• Complex III is made up of cytochrome b, Fe-S protein, Rieske center, and cytochrome c proteins. The iron ion core is reduced and oxidized as electrons pass through it. Cytochrome c accepts electrons from ubiquinone and passes them to complex IV while pumping protons across the membrane.[2]
  • Complex IV is reduced by cytochrome c and transfers the electrons to oxygen, the final electron carrier in aerobic cellular respiration. The cytochrome proteins c, a, and a3 hold the oxygen until it is completely reduced, and once it is, the oxygen picks up 2 hydrogen ions and forms water. The free energy from the electron transfer causes 4 protons to move into the mitochondrial matrix. Oxygen is reduced as in the following reaction:
    • 2 e- + H+ + ½ O2 -> H2O

ATP synthase uses the proton gradient across the mitochondrial membrane to form ATP. It is made up of F0 and F1 subunits which act as a rotational motor system. F0 portion is embedded in the mitochondrial membrane and is protonated and deprotonated repeatedly causing it to rotate. This rotation catalyzes the formation of ATP from ADP and Pi. The F1 portion works to hydrolyze the ATP.[3]

Molecular

Nicotinamide adenine dinucleotide has two forms: NAD+ (oxidized) and NADH (reduced). It is a dinucleotide connected by phosphate groups. One nucleoside has an adenine base and the other nicotinamide. When involved in metabolic redox reactions, the reaction is as follows:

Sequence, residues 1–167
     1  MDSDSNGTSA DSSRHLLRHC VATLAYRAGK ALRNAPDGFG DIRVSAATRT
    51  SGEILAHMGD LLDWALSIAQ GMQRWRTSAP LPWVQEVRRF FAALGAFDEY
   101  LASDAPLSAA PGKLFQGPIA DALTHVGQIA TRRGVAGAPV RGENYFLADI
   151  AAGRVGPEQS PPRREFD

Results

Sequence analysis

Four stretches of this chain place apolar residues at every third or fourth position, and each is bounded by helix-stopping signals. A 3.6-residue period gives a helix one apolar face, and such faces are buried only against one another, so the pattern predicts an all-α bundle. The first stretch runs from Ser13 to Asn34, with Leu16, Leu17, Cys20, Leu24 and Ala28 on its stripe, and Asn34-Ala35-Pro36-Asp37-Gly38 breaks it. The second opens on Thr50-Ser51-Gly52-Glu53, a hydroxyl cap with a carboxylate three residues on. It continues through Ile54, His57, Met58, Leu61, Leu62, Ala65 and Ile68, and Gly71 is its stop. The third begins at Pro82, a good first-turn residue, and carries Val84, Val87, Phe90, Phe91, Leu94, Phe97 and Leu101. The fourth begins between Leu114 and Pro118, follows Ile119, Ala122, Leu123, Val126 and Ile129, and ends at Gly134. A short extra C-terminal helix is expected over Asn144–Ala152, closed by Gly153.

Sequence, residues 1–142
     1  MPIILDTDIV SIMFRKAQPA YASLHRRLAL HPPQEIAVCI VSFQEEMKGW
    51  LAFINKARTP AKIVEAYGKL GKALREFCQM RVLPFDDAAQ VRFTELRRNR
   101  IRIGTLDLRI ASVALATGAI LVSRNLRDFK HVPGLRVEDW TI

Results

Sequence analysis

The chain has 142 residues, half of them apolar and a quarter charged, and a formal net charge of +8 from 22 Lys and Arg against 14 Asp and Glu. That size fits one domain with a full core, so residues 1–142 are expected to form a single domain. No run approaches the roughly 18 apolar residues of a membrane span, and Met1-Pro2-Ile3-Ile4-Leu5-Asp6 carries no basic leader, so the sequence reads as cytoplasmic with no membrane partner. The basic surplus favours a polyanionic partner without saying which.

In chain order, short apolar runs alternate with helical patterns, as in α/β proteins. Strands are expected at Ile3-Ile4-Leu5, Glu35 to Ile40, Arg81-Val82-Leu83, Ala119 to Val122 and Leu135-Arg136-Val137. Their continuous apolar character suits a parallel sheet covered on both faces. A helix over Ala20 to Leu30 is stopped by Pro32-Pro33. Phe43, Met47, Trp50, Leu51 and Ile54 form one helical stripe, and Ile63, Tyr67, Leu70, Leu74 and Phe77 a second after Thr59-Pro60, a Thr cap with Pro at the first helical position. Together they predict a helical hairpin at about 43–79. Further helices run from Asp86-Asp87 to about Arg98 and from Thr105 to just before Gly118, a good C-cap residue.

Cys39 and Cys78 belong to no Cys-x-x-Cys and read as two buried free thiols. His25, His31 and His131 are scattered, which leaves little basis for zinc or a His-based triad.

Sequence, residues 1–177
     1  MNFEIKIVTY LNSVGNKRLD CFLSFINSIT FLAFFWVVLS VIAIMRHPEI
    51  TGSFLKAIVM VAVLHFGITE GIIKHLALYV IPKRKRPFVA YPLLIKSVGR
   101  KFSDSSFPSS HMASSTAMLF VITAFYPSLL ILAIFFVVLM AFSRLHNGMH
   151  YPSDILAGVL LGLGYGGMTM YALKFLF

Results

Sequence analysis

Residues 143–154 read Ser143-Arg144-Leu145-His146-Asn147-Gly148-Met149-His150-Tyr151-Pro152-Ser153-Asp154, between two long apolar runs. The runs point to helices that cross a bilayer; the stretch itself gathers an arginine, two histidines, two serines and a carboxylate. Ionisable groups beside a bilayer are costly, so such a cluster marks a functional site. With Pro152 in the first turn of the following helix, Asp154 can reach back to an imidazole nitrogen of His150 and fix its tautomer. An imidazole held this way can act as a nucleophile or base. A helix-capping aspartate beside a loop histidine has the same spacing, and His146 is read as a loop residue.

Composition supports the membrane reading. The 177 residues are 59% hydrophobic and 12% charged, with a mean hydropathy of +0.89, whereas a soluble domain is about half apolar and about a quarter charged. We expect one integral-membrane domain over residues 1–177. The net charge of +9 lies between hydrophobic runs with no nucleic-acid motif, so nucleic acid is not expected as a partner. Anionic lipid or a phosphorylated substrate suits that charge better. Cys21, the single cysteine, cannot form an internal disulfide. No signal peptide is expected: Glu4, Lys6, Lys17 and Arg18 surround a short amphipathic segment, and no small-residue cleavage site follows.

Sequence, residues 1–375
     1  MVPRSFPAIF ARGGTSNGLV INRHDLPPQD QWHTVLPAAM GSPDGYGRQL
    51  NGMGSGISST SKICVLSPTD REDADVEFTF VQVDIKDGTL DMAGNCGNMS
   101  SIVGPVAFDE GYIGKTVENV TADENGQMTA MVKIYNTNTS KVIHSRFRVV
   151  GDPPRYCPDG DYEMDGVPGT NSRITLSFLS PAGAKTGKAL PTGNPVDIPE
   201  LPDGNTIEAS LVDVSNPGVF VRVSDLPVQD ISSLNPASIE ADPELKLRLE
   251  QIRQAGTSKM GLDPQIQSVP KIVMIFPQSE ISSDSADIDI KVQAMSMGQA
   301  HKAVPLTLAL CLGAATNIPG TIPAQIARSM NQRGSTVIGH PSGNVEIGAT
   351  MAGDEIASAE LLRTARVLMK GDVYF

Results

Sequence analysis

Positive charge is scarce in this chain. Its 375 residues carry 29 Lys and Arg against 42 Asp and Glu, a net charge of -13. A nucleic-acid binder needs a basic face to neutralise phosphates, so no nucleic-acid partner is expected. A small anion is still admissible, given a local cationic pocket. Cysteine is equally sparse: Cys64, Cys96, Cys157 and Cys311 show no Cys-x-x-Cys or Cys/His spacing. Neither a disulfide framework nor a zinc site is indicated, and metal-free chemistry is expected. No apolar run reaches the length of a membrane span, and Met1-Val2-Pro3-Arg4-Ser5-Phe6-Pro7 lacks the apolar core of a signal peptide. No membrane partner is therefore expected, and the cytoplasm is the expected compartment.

• Reaction 1: RH2 + NAD+ -> H+ + NADH + R

With R being the reactant, for example, sugar.

NADH enters the ETC at complex I and produces a total of 3 ATP. When NADH is oxidized, it is broken into NAD+, H+, and 2 e-.

  • Reaction 2: NADH -> H+ +  NAD+ + 2 e-

Nicotinamide adenine dinucleotide phosphate’s 2 forms are NADP+ (oxidized) and NADPH (reduced). NADPH, found in plants, is produced at the end of the photosynthetic light reactions, and as a reducing agent, helps convert CO2 into glucose in the Calvin cycle.

Flavin adenine dinucleotide has 4 redox states, 3 of them being FAD (quinone, fully oxidized form), FADH- (semiquinone, partially oxidized), and FADH2 (hydroquinone, fully reduced). FAD is made up of an adenine nucleotide and a flavin mononucleotide (FMN), connected by phosphate groups. FAD is a highly stable aromatic ring, and FADH2 is not, so when FADH2 is oxidized it becomes aromatic and releases energy. This makes FAD a strong oxidizing agent, with an even more positive reduction potential than NAD+. FADH2 enters the ETC at complex II and creates a total of 2 ATP. FADH2 creates less ATP because the electrons it donates are at a lower energy state.

  • Reaction 3: FADH2 -> FAD +  2 H+ + 2 e-

Clinical Significance

Aspirin (Salicylic Acid)

Salicylic acid is an uncoupler. An uncoupler dissociates the electron transport from phosphorylation preventing the formation of ATP. Salicylic acid acts as an uncoupler because it serves as a proton carrier from the intermembrane space to the mitochondrial matrix. The proton is transferred without the use of ATP synthase, and no ATP is produced. Aspirin poisoning can lead to uncoupling and hyperthermia by a loss of energy in heat from the ETC rather than being transferred to production of ATP.[4]

ETC Inhibitors

Certain poisons can inhibit the ETC such as rotenone, carboxin, antimycin A, cyanide, carbon monoxide (CO), sodium azide, and oligomycin. Rotenone inhibits complex I, carboxin inhibits complex II, antimycin A inhibits complex III, cyanide and CO inhibit complex IV, and oligomycin inhibits ATP synthase.[5][6]